“Insanity is doing the exact same thing over and over again, and expecting things to change. That is crazy” but fortunately, Far Cry 3 isn’t the same thing over and over again, and I’m not going insane. With the much-anticipated release of the most recent instalment of the Far Cry series coming up, we’re taking some time to look at one of most celebrated prequels. Far Cry 3 holds a prestigious position in the gaming world, not only does it have one of the industries most respected and illustrious villains, but it compliments this with what is, put-simply, a solid and well-built game.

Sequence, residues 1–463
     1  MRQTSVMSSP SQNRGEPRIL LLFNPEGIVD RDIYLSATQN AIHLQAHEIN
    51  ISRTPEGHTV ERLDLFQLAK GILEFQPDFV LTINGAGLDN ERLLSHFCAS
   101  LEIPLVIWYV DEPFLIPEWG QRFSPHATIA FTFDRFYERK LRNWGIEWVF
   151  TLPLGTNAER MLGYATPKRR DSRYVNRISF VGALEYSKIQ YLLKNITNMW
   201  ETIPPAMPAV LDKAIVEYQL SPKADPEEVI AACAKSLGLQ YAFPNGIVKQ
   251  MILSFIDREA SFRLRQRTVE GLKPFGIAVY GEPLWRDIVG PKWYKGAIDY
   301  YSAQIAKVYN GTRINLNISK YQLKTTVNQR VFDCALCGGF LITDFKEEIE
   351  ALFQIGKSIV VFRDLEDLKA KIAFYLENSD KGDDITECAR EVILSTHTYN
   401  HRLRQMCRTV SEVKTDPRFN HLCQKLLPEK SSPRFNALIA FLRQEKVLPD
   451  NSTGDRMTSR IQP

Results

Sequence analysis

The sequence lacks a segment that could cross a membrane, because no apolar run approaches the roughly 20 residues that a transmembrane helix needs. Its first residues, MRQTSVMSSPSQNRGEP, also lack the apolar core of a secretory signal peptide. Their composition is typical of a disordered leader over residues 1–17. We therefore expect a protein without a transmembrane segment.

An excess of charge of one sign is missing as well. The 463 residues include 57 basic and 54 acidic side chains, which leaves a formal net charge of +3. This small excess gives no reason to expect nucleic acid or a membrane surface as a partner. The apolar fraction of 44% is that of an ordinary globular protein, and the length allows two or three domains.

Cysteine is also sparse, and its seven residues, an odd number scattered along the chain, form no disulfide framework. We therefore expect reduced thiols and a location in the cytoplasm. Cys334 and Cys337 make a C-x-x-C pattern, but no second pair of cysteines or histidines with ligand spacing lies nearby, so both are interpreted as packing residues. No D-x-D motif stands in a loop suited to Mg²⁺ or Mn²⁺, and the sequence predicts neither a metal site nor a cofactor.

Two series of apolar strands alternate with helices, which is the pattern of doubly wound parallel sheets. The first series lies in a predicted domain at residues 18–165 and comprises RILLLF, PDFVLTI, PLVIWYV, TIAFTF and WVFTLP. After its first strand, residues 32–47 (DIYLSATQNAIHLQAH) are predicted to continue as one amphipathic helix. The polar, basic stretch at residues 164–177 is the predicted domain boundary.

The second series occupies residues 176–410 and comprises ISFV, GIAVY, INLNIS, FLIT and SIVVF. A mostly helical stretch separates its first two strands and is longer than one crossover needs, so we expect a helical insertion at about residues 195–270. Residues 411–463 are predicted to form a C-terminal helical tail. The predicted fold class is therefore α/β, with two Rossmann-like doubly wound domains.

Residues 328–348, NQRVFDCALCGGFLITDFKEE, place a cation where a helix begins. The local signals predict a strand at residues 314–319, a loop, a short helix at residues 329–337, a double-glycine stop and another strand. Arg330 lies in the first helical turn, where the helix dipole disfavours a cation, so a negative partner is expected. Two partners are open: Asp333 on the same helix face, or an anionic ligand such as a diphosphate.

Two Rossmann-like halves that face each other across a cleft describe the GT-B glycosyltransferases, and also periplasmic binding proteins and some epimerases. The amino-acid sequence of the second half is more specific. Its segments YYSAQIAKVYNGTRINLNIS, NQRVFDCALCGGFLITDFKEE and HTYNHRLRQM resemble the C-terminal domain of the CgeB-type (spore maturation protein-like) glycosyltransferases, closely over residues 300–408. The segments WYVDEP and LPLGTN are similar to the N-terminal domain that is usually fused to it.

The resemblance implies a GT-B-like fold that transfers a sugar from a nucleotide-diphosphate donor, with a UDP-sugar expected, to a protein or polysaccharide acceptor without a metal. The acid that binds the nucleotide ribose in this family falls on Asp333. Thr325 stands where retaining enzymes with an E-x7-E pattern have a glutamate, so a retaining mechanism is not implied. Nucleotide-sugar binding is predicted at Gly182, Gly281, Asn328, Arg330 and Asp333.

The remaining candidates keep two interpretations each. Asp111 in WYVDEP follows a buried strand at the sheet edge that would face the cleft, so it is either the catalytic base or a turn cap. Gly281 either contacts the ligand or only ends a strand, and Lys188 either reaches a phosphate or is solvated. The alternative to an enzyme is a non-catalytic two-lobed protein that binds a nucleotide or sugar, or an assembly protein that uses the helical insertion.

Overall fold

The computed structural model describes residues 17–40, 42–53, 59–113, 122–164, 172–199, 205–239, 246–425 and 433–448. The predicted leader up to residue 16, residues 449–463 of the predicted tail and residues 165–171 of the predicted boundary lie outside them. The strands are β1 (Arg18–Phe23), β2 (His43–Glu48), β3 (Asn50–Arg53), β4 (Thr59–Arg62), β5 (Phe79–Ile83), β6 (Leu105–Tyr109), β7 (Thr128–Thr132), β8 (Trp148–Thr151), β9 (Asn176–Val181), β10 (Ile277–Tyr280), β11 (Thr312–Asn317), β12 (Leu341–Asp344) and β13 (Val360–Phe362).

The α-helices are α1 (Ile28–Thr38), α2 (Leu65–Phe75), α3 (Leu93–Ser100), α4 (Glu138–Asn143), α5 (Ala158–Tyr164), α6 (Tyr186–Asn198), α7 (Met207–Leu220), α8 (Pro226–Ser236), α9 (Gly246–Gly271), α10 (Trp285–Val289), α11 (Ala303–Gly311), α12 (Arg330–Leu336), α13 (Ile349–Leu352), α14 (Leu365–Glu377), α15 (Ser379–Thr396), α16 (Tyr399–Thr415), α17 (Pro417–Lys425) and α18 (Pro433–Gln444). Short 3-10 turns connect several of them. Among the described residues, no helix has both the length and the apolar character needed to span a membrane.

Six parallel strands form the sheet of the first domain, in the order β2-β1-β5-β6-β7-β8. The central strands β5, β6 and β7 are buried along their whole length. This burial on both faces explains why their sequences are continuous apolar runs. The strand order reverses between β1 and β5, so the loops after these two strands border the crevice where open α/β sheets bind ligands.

Far Cry 3 is set on a mysterious group of tropical islands that are initially the home to a quaint holiday adventure for a group of teens, as things take a turn for the worst you take on the role of Jason Brody, and your job is to save your friends and family members that are being held hostage by a terrorist pirate organisation currently inhabiting certain parts of the island. The game features a massive open world, scattered with ruins and enemy camps, meaning there’s always something to do or explore. Furthermore, the huge open world can be traversed with a huge variety of vehicles: from quad bikes and buggies to jet skis and wingsuits; even getting from objective to objective feels incredible, every method is well built and is thoroughly enjoyable to use. Throughout the huge landmasses and open seas there are enemy camps that can be liberated for the rebels that you have aligned yourself with – let me take this time to mention, that these camps are one of the greatest mechanics the game has to offer. They are all different, and can be completed in any way the player deems necessary: you want to thunder in to a camp unloading copious amounts of ammunition onto the unworthy? Or perhaps, release the wild animal that has been caged in the corner of the camp, and then silently assassinate the stragglers? Then do it, there are no consequences, and you can have as many attempts as you wish, it’s easily one of my favourite features of Far Cry 3. Once you’ve captured the camps, they then unlock side-missions that can be done at any point during your game; they feature assassinations, races and my favourite: Hunts. Every animal in Far Cry 3 has a purpose, and can be killed, harvested and then used in the games simple crafting system. They also feature rare but more-rewarding one-time hunts, including a specific animal within the world, such as the rare Albino Crocodile, even without these missions, hunting is still great fun, you ever tried killing a great white shark with a bow? Give it a go, it’s one hell of a ride.